PB: There’s a section in the book where the narrator talks about how being Black used to have some privacy. But with the Internet, everything is instantly out there. Everybody thinks they know what everything means and knows the ramifications; it’s impossible. No one does. But artists appropriate. That’s what they do.

EBONY: As long as you don’t get caught.

PB: I don’t necessarily mean steal, but you’re influenced by stuff. Sometimes you don’t know why you’re doing it or the larger ramifications. You just like it and you use it. Sometimes you misuse it. [It] can be a crime, but it’s not necessarily a crime.

EBONY: I first became aware of you as a “spoken word” poet.

PB: I never considered myself that. I just read and sat down. I guess I was a part of that scene… Why did I stop? I hated hearing myself. I got really tired of hearing myself. It just started getting so “peform-acy” and I got really uncomfortable. I was uncomfortable with the association and the way they took themselves. It wasn’t for me. I’m like that with anything. Dogma might be too strong of a word, but I can be uncomfortable with that, especially if I don’t subscribe.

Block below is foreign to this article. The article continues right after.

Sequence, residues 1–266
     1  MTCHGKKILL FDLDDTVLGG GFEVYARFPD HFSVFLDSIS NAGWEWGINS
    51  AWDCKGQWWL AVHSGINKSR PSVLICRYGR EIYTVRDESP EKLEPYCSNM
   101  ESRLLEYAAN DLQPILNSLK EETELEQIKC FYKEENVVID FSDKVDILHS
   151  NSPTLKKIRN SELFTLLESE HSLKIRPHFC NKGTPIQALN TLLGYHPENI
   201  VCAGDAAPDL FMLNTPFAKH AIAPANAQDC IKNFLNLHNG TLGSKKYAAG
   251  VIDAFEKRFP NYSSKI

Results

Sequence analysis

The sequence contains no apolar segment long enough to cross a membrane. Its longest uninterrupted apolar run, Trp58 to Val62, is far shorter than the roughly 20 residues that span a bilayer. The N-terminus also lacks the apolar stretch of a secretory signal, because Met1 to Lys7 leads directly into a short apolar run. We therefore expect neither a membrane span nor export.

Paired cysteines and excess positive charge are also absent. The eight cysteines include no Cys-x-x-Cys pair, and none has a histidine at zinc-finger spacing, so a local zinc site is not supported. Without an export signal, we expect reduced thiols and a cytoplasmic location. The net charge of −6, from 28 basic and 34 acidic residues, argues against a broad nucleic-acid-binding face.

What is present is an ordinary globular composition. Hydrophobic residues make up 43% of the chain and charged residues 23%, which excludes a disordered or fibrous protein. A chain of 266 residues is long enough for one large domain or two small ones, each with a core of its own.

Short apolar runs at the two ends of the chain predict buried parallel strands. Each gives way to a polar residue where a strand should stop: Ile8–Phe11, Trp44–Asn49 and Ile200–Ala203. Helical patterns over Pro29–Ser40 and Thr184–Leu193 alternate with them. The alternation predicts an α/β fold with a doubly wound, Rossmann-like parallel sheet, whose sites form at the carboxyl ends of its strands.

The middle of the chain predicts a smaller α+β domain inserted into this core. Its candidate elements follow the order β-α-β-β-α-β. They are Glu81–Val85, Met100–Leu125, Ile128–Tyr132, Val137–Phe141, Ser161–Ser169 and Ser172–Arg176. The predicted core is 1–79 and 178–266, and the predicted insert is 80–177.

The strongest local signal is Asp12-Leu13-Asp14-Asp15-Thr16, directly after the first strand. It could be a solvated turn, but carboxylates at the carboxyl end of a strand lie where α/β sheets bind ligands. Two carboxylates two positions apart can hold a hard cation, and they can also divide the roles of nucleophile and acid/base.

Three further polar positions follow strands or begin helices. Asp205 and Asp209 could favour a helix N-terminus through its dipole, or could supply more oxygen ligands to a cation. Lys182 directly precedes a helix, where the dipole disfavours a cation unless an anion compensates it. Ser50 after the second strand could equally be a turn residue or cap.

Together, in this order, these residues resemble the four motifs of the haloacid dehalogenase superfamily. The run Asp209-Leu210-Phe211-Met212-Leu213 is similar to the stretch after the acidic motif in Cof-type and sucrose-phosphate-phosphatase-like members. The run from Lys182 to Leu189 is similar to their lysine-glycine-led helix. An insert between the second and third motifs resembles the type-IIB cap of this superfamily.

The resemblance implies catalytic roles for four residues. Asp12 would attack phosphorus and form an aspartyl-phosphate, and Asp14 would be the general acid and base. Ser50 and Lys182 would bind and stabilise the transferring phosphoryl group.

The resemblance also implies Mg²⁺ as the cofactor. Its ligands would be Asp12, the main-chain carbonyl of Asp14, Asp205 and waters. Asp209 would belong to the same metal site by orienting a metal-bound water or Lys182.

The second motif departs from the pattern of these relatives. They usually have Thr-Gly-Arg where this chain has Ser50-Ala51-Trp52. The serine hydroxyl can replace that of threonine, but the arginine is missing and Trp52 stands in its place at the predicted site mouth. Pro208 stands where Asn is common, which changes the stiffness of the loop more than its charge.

EBONY: There’s a scene in the book where a White woman tells a Black woman, and I’m paraphrasing, that the problem isn’t race, it’s class. So, is it?

PB: Don’t know. It’s both all the time. Sometimes it’s one more than the other and people want it to be more one than the other.

EBONY: Which is easier to deal with?

PB: I don’t have these kind of answers. I don’t talk like this, sorry. It’s not the subject matter, but it’s: what’s the answer? I refuse to participate. I don’t see what that solves. I am completely uncomfortable with that. I just try to take things and conversations as they come. That’s kind of the fun of writing a book.

I’m trying not to talk in that weird way. I’m trying to have a bunch of things happening at the same time. Because maybe it’s easier to write about? When you talk, you often talk in generalities and lowest common denominators so everyone’s on the same page, so I understand why people do it. Race or class? I don’t know. I wish it was that easy. Then maybe some problem solving could be done.

Amy Linden is a pop culture writer and educator whose work has appeared in Vibe, The New York Times, XXL and elsewhere. Follow her on Twitter @notfornothin59.